"The Crimson Rivers" feels like "Seven" if it were stripped of the rainy city and placed in the french alps. It brings two cops on the trail of a killer, but is more weird and oddly told than your usual Serial killer film. Even in David Fincher's books."The Crimson Rivers'" interesting story involves Commissoner Pierre Niémans (Jean Reno), who is assigned to track a killer in a small town in the French Alps. Miles away, Max Kerkérian (Vincent Cassel) is investigating a young girl's grave that was ransacked by Neo-Nazi's. Their searches bring them to each other, which have the same goal, and are soon drawn into finding out who the killer is.
There is enough atmosphere and great cinematography in "The Crimson Rivers" for over two movies. The cinematography, editing and transitions are very well done, as are the visuals; the mountain photography was all done for real, unlike a movie like "Vertical Limit" (2000) with its fake snow and rubbery walls. A scene where Pierre is looking for clues inside an iceberg looks and feels real, it may not be, but is quite a unique sight.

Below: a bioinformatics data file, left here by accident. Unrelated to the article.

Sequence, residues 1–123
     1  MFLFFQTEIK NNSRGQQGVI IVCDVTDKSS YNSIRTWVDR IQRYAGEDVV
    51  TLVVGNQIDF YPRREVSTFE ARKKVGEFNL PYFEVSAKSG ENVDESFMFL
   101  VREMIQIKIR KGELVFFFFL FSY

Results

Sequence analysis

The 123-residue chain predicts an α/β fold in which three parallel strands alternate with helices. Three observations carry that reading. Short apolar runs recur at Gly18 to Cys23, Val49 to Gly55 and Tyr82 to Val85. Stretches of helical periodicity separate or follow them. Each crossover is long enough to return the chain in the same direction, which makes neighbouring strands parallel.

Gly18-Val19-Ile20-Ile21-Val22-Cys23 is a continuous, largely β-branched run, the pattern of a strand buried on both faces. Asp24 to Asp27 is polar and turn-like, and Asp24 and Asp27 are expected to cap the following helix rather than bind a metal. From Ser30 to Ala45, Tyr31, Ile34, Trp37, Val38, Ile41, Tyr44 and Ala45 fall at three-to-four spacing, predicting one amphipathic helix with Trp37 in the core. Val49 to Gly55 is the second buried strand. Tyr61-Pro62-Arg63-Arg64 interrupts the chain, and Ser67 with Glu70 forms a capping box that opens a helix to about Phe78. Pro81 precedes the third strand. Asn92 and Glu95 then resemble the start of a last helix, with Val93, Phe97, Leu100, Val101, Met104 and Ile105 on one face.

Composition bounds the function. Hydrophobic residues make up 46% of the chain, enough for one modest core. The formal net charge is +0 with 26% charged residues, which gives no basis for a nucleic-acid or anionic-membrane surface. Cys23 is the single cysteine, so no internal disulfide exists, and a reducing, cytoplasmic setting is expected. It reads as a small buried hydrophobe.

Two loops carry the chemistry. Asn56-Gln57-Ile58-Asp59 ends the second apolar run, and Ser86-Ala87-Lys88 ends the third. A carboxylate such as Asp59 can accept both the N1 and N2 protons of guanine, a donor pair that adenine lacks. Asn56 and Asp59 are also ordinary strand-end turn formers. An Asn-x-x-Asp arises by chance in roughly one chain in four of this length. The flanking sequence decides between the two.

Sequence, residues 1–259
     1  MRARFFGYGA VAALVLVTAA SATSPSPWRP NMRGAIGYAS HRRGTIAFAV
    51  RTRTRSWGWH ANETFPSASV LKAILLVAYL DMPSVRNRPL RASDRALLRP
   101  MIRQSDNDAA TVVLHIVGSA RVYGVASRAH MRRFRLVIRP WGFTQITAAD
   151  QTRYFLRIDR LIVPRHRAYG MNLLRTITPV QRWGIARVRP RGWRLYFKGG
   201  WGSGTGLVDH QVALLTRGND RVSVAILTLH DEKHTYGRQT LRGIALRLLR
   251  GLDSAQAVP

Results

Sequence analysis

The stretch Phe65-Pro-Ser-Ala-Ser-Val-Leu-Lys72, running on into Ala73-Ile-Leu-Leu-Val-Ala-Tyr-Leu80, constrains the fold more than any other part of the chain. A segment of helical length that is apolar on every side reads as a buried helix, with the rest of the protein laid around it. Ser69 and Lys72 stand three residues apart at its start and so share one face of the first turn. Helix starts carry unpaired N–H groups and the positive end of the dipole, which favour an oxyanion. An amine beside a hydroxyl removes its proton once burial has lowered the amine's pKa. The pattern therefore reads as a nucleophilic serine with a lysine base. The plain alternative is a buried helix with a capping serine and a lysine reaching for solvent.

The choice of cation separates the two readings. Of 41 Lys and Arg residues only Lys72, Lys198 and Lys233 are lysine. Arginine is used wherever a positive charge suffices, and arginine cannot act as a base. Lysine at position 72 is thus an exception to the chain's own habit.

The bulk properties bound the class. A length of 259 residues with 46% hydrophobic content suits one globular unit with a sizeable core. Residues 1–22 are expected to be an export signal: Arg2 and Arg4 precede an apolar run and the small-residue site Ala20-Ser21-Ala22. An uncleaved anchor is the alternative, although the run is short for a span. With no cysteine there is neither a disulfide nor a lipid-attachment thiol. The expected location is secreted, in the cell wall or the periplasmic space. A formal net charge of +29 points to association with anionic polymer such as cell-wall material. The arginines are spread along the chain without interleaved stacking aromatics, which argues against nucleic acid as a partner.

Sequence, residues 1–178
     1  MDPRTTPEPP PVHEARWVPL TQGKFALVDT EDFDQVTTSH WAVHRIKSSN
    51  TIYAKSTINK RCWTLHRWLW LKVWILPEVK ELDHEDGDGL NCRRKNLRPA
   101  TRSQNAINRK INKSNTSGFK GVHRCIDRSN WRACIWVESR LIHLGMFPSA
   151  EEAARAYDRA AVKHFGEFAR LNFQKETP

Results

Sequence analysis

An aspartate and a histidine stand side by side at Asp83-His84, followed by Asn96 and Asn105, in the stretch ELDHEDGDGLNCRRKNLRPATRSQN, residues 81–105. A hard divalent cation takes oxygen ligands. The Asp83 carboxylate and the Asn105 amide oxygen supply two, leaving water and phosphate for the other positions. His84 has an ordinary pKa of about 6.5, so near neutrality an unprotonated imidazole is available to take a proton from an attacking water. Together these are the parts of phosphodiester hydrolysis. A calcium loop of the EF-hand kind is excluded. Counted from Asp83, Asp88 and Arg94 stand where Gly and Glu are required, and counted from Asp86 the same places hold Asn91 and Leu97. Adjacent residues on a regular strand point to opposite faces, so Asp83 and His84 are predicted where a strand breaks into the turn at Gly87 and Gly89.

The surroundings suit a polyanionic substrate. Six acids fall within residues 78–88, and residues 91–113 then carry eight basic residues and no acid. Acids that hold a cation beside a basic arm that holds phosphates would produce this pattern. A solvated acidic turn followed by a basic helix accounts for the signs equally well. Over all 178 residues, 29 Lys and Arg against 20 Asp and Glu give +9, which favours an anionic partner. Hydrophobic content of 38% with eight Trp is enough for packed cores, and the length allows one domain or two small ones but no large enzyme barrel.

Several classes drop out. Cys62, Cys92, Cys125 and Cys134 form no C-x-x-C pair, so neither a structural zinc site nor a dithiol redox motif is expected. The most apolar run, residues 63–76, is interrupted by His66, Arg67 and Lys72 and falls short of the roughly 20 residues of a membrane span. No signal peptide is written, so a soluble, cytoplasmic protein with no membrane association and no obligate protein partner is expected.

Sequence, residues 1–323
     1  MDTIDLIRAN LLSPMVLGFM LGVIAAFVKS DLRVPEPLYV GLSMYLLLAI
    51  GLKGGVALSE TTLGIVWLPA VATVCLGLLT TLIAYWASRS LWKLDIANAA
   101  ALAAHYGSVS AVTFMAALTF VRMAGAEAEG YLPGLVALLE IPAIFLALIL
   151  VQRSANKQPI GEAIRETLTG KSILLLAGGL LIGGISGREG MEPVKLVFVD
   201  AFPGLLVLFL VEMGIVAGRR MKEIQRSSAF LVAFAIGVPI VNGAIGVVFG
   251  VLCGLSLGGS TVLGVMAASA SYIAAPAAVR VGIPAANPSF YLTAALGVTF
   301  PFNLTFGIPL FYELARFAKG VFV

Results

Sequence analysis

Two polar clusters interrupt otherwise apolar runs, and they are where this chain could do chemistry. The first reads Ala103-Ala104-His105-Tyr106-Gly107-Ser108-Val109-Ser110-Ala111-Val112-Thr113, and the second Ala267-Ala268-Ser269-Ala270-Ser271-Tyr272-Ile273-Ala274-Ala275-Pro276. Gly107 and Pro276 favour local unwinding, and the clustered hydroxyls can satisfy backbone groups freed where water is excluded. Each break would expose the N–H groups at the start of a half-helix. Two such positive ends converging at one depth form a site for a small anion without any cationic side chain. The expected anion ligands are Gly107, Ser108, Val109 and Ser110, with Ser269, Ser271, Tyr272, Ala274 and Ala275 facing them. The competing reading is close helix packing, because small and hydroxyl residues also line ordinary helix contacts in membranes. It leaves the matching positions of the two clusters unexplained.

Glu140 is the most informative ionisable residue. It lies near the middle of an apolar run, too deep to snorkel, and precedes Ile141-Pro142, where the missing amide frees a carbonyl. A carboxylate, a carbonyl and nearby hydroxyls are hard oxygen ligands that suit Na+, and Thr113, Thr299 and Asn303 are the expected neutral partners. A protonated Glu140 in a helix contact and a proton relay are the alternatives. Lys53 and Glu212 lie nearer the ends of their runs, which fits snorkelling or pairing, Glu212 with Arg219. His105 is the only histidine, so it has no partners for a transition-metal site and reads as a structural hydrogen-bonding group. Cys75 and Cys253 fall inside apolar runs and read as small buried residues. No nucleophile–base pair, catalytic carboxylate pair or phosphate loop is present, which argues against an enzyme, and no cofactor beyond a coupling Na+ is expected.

It also helps that Jean Reno, a capable French actor who has had work stateside with "Leon" and "Ronin," is good here as a moody, troubled cop. Vincent Cassel makes a good match as his live-wired partner; with his sense of humour and rugged good looks, he would certainly cross over into American films nicely. There's a fight scene involving Cassel about half-way into the film that is absolutely insane, but works with his timing.The film falters somewhat during the last half hour of the film, where a sudden turn of events throws the film off course into an implausible one. The revelation isn't a satisfying one, nor the end of the film, which leaves so much to wonder about the fine atmosphere and story that fueled everything up to it. For a movie wanting to strive from the genre, this one works for the most part and has atmosphere and mood to spare, even if has the ending impact of a Soap Opera. Even with that avalanche.